THE ‘lost gardens of Bramber’ have undergown an amazing transformation over the last 15 years, and now people can see the results for themselves.
St Mary’s House owner Peter Thorogood and curator Roger Linton made the remarkable discovery in 1997 and rescued the gardens after 50 years of neglect.
Administrator Alan Durden said: “At that time, the gardens were a picture of dereliction, overgrown with an impenetrable jungle of brambles, nettles and saplings.”
Brought back to their former glory, thanks to Mr Linton’s ingenious designs and the hard work of an enthusiastic team of volunteers, the gardens will be open on Friday and Saturday as part of the National Gardens Scheme.
Mr Durden added: “Today, visitors feel as though they have entered another world – not a jungle after all, but a riot of colour in the magnificent Rose Garden, planted for the Queen’s Golden Jubilee.”
There is also a colourful terracotta garden, the rare pineapple pits with the restored stove-house and the magnificent 140ft (43m) Victorian brick fruit wall.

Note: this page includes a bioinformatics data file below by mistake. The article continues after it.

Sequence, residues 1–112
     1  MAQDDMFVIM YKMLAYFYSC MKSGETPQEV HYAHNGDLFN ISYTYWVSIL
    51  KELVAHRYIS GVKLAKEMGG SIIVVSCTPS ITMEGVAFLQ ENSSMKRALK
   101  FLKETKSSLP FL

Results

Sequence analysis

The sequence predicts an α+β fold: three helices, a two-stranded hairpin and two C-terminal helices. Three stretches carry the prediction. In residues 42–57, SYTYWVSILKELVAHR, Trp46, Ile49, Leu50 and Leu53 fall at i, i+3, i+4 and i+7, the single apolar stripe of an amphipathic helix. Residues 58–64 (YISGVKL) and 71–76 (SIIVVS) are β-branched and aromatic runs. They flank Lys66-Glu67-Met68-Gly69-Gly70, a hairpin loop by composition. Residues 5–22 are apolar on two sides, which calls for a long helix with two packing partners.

Mr Durden said: “Visitors can also enjoy the great charm of the formal gardens surrounding the fine medieval timber-framed house.”
There are a number of amusing topiary subjects – a large topiary snail reminds drivers to take care as they enter the car park, plus there is a spirited topiary bull, a bob-tailed hare in box and a bulbous-eyed frog.
The gardens will be open 2pm to 5.30pm. Entrance £4 adults. The house and gardens are also open until September 30 on Sundays, Thursdays and Bank Holiday Mondays, 2pm to 6pm. Visit www.stmarysbramber.co.uk or call 01903 816205.